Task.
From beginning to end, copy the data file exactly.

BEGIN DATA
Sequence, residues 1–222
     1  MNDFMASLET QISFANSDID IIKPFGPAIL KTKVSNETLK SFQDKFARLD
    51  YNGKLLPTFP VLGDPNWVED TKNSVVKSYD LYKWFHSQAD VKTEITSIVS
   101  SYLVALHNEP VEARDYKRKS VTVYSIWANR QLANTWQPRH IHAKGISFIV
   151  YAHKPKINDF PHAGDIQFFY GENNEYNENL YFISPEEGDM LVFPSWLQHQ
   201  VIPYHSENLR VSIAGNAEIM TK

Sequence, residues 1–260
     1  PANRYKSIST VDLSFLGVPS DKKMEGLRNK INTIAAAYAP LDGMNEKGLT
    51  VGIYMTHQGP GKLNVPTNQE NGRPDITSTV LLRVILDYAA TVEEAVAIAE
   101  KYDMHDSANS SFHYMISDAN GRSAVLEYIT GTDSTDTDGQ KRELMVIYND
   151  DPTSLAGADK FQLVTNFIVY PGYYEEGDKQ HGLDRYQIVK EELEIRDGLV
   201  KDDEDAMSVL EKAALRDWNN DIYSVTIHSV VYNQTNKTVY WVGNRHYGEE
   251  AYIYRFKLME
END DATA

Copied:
Sequence, residues 1–222
     1  MNDFMASLET QISFANSDID IIKPFGPAIL KTKVSNETLK SFQDKFARLD
    51  YNGKLLPTFP VLGDPNWVED TKNSVVKSYD LYKWFHSQAD VKTEITSIVS
   101  SYLVALHNEP VEARDYKRKS VTVYSIWANR QLANTWQPRH IHAKGISFIV
   151  YAHKPKINDF PHAGDIQFFY GENNEYNENL YFISPEEGDM LVFPSWLQHQ
   201  VIPYHSENLR VSIAGNAEIM TK

Sequence, residues 1–260
     1  PANRYKSIST VDLSFLGVPS DKKMEGLRNK INTIAAAYAP LDGMNEKGLT
    51  VGIYMTHQGP GKLNVPTNQE NGRPDITSTV LLRVILDYAA TVEEAVAIAE
   101  KYDMHDSANS SFHYMISDAN GRSAVLEYIT GTDSTDTDGQ KRELMVIYND
   151  DPTSLAGADK FQLVTNFIVY PGYYEEGDKQ HGLDRYQIVK EELEIRDGLV
   201  KDDEDAMSVL EKAALRDWNN DIYSVTIHSV VYNQTNKTVY WVGNRHYGEE
   251  AYIYRFKLME